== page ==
The Institute and Faculty of Actuaries (IFoA) will be developing new accreditation where actuaries can offer more value.
This is one of IFoA's pledges published in its revised strategy released today at its Annual General Meeting in London. The IFoA's previous strategy was published five years ago.
Chief executive Derek Cribb believes global markets have changed quickly in recent years and stresses the importance of supporting members in qualifying themselves when they are trying to win work and move into new areas.
He said: "As a professional business qualification we must keep pace with the speed of evolution in global markets. Business needs are developing at a pace greater than has been seen in the past."
Details of such accreditations are still being discussed, but Cribb told The Actuary a number of specific business areas were being looked at such as certifications in data analytics, microinsurance or takaful insurance.
He added the new accreditations could come in a range of forms and structures such as new certificates, exams or having the subject areas embedded in existing qualifications.
"Some of those areas can be absorbed in core qualification but in the meantime we need to be able to develop these exams fairly quickly because if we don't, other professions might."
The organisation will also be 'revitalising' the associate level of membership, which it believed was not well understood by members and employers.
The associate membership is the first level of qualification granted by the IFoA in which individuals have the right to describe themselves as an actuary.
Cribb raised the point that most members wanted to attain fellowship.
"One of the issues we sometimes have is it'll take our members five or six years getting to fellowship when our members try to move into wider fields. Taking that time specialising can restrict the areas they are working," he said.
"An associate would normally qualify in three years and they are globally recognised as actuaries. Most employers don't understand that they are qualified. So there's something about the messaging there.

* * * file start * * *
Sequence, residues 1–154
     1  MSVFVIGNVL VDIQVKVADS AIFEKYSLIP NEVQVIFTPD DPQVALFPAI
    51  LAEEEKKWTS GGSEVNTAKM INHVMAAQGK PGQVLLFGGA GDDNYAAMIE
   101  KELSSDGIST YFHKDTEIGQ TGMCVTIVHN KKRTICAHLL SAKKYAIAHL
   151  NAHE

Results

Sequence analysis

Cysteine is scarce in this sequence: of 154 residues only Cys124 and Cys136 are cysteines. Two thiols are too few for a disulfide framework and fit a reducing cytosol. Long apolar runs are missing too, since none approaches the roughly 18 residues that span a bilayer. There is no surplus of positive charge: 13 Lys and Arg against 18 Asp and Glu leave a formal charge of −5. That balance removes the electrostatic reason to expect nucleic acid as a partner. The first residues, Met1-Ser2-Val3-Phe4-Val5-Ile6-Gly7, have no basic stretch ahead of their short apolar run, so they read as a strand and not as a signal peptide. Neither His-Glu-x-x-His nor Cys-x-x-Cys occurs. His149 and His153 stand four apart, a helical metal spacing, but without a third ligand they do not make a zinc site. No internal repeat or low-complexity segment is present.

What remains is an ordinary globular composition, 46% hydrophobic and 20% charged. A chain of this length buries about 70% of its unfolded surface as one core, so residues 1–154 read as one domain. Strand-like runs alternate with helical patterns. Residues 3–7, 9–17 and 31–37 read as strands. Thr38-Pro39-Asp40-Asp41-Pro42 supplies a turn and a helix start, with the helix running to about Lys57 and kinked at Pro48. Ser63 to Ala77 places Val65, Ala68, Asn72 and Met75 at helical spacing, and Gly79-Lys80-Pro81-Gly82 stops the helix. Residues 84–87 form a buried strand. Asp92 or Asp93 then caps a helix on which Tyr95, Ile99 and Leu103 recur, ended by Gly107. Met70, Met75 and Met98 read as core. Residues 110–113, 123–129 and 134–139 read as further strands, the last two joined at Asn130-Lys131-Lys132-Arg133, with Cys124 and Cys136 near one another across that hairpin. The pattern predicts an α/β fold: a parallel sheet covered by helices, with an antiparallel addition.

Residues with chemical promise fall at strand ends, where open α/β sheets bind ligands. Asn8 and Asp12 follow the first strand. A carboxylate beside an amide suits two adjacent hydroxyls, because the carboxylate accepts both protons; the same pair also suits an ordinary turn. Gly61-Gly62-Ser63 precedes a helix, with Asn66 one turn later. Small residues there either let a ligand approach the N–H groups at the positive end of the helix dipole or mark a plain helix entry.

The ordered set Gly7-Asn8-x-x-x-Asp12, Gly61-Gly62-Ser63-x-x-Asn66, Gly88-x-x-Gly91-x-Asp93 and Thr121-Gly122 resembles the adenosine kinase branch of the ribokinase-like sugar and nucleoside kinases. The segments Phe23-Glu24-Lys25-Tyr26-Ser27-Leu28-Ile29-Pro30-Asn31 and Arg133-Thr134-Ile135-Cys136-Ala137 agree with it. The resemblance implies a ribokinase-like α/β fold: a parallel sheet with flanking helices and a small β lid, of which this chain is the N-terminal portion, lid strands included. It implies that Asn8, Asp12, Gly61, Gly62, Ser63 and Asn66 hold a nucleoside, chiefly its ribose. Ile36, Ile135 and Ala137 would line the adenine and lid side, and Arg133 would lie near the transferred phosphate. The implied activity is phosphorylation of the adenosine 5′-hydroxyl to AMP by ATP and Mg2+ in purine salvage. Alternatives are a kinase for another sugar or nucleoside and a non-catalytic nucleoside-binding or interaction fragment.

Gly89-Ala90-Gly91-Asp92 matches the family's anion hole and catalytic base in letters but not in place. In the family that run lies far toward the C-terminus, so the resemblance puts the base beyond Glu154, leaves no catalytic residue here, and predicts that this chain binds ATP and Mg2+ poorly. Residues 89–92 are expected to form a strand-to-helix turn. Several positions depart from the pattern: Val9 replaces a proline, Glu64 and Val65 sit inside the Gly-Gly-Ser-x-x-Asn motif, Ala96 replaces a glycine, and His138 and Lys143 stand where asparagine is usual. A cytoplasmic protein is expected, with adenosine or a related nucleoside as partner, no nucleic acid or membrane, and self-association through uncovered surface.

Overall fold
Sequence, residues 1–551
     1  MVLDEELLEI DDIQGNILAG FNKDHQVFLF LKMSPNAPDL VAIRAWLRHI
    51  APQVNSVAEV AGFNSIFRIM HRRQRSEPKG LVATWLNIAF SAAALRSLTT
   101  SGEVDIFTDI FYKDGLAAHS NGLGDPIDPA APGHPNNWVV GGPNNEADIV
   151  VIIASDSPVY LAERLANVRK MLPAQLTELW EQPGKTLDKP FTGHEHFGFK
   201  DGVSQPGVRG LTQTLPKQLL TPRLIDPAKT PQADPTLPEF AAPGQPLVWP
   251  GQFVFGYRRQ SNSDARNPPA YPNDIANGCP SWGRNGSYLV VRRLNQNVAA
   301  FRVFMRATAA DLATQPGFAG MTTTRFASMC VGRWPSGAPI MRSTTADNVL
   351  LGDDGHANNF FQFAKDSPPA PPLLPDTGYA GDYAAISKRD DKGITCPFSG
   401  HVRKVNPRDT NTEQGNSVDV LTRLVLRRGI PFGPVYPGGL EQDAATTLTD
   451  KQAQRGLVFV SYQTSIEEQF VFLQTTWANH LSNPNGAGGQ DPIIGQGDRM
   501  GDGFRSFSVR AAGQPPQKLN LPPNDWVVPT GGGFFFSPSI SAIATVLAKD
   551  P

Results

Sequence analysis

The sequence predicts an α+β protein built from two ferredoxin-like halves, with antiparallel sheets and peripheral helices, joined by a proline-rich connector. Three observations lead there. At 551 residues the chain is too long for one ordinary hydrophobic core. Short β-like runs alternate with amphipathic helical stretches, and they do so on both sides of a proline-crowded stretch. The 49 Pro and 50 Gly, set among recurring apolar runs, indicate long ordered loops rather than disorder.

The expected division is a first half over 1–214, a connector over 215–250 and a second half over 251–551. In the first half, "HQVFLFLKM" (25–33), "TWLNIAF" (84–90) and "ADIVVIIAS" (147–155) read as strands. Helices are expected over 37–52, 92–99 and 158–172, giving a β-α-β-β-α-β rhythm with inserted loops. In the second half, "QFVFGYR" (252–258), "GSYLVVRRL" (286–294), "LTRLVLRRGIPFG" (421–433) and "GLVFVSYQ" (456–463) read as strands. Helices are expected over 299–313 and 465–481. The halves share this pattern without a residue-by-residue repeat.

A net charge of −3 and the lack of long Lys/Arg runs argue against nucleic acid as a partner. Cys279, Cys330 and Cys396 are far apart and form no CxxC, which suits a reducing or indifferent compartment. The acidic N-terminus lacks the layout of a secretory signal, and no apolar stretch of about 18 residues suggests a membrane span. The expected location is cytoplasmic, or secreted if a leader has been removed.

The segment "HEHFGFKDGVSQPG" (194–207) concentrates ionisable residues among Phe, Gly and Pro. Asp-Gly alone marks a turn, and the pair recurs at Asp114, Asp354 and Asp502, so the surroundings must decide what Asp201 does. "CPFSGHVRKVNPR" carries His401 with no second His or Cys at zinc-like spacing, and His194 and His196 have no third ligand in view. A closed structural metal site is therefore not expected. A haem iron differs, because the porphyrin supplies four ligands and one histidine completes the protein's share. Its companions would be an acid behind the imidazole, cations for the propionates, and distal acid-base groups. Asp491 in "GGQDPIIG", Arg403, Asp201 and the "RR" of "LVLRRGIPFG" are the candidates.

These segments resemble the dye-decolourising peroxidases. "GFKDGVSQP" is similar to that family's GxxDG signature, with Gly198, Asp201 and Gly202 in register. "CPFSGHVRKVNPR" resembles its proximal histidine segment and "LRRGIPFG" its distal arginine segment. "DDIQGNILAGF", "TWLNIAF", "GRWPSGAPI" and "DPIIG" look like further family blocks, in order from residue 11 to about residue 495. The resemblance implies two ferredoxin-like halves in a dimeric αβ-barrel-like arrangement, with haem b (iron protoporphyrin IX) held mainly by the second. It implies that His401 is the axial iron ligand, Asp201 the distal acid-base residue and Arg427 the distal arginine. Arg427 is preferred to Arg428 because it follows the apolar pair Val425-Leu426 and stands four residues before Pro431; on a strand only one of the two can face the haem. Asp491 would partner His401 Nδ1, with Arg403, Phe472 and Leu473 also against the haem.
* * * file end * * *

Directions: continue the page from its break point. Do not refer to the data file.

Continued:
"For me this is equipping people with core actuarial skills, getting employers to recognise the value of those skills and enabling members to be successful in their business."
Cribb believed this strategy would appeal to a more diverse group of people, adding: "For some people being a fellow is absolutely the right career move, for others they don't want to sit six years of exams."
The IFoA plans to explore ways to better recognise the status of associate membership, and will do this by improving its communication strategies using campaigns and engaging with employers and students in their final years on bachelor courses.
Another strategy is to build a higher profile for actuaries by "being bolder" in public affairs, but the IFoA warns this could come with risks on how the organisation is perceived.
For instance, ahead of the EU referendum the organisation published its analysis on the impact of limiting immigration on public finances and believed the feedback from members was "incredibly positive", without being seen to take sides.
Cribb said subjects such as Brexit provided the IFoA substantial media coverage but it would have to monitor it carefully and manage any associated risk.
The IFoA's Public Affairs committee will look at issues with a public interest and advise stakeholders, policymakers, governments and regulators in their decision making.
"The work our members were doing five years ago is very different to today, and will be different again in five years' time: we must be agile in our response to this," said Cribb.
"The IFoA is responding to these changes by continuing to innovate and develop into new areas where actuarial science can make a significant contribution to both business and society."